Tdworld 4194 Bigsolar

Big Carbon Equals Big Solar

July 13, 2016
While the net-metering issue continues to be debated across the country, big solar is not standing still.

Last June, I wrote a column titled “Sun Wars” that discussed the conflict between utility-scale solar (big solar) and rooftop solar advocates. Chief among the complaints voiced by big solar advocates was the lack of a level playing field. They cite net-metering policies that allow rooftop solar owners to sell their power into the grid at retail rates as being inherently unfair when they receive lower wholesale market rates for the same power. On the anniversary of that article, I thought it would be interesting to see how the “war” is going.

While the net-metering issue continues to be debated across the country, big solar is not standing still. According to the recent Solar Energy Industries Association/GTM Research joint report “Solar Market Insight 2015 Q4,” big solar added 4.15 GW dc in 2015. This figure represented a 6% increase over 2014.

The forecast for 2016 is even more interesting. Because of numerous projects that were placed into the development pipeline in anticipation of a reduction in the U.S. federal investment tax credit (ITC) that was extended through 2019 at the 30% level, big solar is expected to have an additional 9.5 GW installed by the end of this year. That amount will be more than the last three years combined. It is impressive growth, particularly when one considers that in 2007 there were no utility-scale solar projects in the U.S.

Something else interesting has been forecast to occur this year. According to a recent GTM Research report, 2016 will be the first year that big solar projects commissioned for reasons other than meeting state renewable portfolio standards (RPS) exceed those commissioned principally for meeting state goals. This trend is expected to continue into the future.

What then is driving this interest and growth? Clearly, the ongoing ITC is a main consideration, but there are other forces at work as well. Falling prices are having an impact, particularly when solar projects are pursued beyond that required by state RPS mandates.

According to National Renewable Energy Laboratory, the price for big solar photovoltaic dropped from around 21 cents per kilowatt-hour in 2010 to 11 cents per kilowatt-hour in 2013. That is almost a 50% reduction. While much of the reduction has come from declining module costs, inverter and so-called soft cost also have come down for big solar.

Recently, several utilities have announced solar purchase power agreements in the 4 cents per kilowatt-hour range with a Palo Alto, California, 25-year purchase power agreement reportedly coming in as low as 3.7 cents per kilowatt-hour. Under that arrangement, Palo Alto would also have the option to extend the agreement to 40 years. Purchasing energy at a fixed price for decades represents an attractive price hedge. While big solar will not offer the operational certainty that utilities are fond of, and it is certainly not at the bottom of the energy price stack yet, it does offer fuel price predictability in an otherwise chaotic business environment.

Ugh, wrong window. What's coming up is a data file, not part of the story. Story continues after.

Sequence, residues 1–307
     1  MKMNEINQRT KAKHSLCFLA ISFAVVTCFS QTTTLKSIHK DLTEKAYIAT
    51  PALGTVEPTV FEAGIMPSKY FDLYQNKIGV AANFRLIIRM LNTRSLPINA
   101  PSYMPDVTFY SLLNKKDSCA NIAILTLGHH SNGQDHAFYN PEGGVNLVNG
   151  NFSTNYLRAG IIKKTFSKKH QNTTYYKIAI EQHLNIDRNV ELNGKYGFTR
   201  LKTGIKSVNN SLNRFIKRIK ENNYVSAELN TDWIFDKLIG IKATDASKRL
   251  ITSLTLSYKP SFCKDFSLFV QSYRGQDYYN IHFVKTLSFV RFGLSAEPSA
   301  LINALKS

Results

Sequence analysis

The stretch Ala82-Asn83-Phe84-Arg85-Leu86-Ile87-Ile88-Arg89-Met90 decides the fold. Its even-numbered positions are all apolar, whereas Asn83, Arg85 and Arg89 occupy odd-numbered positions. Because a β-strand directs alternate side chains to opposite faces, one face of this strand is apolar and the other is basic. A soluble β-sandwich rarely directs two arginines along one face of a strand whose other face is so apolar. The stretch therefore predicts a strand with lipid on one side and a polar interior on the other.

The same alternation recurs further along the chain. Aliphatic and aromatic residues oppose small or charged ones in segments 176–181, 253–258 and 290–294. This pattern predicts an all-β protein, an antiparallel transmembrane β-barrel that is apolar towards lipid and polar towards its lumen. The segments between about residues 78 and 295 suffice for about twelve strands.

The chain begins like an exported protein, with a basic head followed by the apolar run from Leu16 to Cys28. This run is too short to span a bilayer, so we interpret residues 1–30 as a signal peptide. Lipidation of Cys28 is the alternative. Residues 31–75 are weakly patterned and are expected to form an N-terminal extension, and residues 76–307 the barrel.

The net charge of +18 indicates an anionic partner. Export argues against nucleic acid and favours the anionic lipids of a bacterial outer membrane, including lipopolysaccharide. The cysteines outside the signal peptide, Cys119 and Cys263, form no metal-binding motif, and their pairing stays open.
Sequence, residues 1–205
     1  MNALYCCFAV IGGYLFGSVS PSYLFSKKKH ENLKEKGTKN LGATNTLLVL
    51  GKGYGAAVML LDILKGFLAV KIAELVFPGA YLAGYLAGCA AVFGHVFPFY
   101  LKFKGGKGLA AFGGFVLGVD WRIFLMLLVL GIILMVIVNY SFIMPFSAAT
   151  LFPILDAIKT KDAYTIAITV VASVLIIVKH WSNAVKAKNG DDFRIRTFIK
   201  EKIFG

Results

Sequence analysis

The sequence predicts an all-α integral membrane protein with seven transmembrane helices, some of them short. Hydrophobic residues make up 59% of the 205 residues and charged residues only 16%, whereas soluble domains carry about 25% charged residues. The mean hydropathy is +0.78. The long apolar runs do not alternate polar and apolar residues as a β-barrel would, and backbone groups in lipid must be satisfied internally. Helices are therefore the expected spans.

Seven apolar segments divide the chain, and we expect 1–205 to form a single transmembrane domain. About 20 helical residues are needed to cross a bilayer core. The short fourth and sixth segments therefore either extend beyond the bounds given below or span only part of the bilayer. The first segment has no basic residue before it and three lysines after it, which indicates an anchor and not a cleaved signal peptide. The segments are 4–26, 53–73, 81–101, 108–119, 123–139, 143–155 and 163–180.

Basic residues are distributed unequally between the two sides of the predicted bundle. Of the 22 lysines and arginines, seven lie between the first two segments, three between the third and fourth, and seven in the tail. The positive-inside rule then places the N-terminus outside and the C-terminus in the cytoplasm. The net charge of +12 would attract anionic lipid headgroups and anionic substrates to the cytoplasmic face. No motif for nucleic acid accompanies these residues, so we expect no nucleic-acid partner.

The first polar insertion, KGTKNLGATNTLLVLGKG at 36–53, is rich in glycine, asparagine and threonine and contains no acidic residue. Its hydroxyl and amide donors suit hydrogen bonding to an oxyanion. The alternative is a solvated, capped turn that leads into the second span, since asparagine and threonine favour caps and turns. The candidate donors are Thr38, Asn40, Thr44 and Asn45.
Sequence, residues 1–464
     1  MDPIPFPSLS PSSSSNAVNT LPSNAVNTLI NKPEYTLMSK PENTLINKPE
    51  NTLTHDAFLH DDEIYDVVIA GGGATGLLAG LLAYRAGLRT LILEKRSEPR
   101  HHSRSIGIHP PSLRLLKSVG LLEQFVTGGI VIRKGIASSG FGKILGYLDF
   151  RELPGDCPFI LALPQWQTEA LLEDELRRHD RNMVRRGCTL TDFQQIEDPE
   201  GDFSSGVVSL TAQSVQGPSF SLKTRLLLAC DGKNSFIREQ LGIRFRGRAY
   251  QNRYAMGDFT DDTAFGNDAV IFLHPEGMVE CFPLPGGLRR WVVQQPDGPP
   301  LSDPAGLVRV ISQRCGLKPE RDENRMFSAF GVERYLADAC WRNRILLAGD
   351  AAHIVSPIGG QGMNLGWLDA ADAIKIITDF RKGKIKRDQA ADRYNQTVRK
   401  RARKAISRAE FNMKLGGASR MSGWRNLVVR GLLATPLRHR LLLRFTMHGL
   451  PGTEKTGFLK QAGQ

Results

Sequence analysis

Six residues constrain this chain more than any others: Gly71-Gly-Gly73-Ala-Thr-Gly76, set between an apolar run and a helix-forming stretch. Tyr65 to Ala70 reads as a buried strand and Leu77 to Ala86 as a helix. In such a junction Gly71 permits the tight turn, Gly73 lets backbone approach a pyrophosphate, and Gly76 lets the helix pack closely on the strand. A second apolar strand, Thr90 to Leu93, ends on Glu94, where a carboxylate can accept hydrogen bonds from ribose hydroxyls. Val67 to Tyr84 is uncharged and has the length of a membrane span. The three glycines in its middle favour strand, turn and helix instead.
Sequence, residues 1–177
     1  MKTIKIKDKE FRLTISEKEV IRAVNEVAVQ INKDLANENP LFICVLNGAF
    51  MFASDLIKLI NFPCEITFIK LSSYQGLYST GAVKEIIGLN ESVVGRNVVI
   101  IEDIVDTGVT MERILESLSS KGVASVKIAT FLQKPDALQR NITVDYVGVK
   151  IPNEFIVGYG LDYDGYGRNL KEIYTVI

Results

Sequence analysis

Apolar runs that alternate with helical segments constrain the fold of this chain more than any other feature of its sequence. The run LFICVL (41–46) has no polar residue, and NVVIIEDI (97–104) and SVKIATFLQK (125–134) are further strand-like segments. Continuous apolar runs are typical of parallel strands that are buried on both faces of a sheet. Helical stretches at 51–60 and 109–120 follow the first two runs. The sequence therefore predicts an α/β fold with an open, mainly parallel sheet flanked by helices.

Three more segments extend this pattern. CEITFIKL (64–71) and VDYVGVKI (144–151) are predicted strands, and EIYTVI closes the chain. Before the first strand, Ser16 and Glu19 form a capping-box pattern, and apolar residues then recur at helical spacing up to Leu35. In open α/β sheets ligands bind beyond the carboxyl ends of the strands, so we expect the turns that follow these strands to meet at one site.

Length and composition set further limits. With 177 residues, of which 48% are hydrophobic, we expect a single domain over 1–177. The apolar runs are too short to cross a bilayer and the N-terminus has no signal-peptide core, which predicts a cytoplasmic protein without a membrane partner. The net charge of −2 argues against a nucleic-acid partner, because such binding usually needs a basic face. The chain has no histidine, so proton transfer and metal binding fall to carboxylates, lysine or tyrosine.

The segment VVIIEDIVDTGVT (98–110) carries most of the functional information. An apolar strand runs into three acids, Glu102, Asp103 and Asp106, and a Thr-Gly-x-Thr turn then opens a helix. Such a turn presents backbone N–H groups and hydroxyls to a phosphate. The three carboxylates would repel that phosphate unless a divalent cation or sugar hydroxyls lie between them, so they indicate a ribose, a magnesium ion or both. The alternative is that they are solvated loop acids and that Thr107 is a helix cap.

How then is rooftop solar fairing in this time of declining photovoltaic module costs? Where as the SEIA/GTM report indicated that big solar has seen a steady quarter-over-quarter decline in average cost from 2014 to 2015 ending at a level of $1.33 per watt dc, the same report indicates rooftop solar costs have remained around $3.50 per watt dc over the same period. Why the static cost numbers for rooftop? While rooftop solar has also enjoyed a decline in module cost, an increase in soft costs is offsetting much of this decline. The SEIA/GTM report stated “…in the past year, soft costs have actually risen on an industry average basis by 7%, primarily due to rising customer acquisition costs.” Translated, this means rooftop solar companies are spending more to convince people to put solar on their roofs.

It appears the current price advantage goes to big solar. Writing about the big solar boom in Vox, a clearly enthusiast David Roberts said, “It won’t be long before the discussion about environmental benefits is moot — utilities will demand solar because it’s the cheapest power available.” I’m not sure when that will be, but with their costs still declining, big solar is moving in the right direction.

Looking to the future, big solar companies like First Solar are focused on reducing costs to prepare for the expected demise of the ITC and along the way creating more demand for their product. First Solar’s CEO Jim Hughes has even called the expiration of ITC “irrelevant” to their future plans. Last year, Hughes predicted they would install solar on trackers for less than $1 per watt by 2017. Given the recent data, he may well do it.

On the other hand, given the cost structure of rooftop solar and the ferocious battles that rooftop companies wage when threatened by the elimination of net metering incentives, it would appear that incentives are not only relevant but critical to the ongoing health of the rooftop industry.

So it would seem that without incentives, the scales would clearly tip in favor of big solar. Additionally, it would seem that if we are going to have big carbon-reduction goals, we also need big solar if we hope to keep the price of electricity somewhat reasonable.

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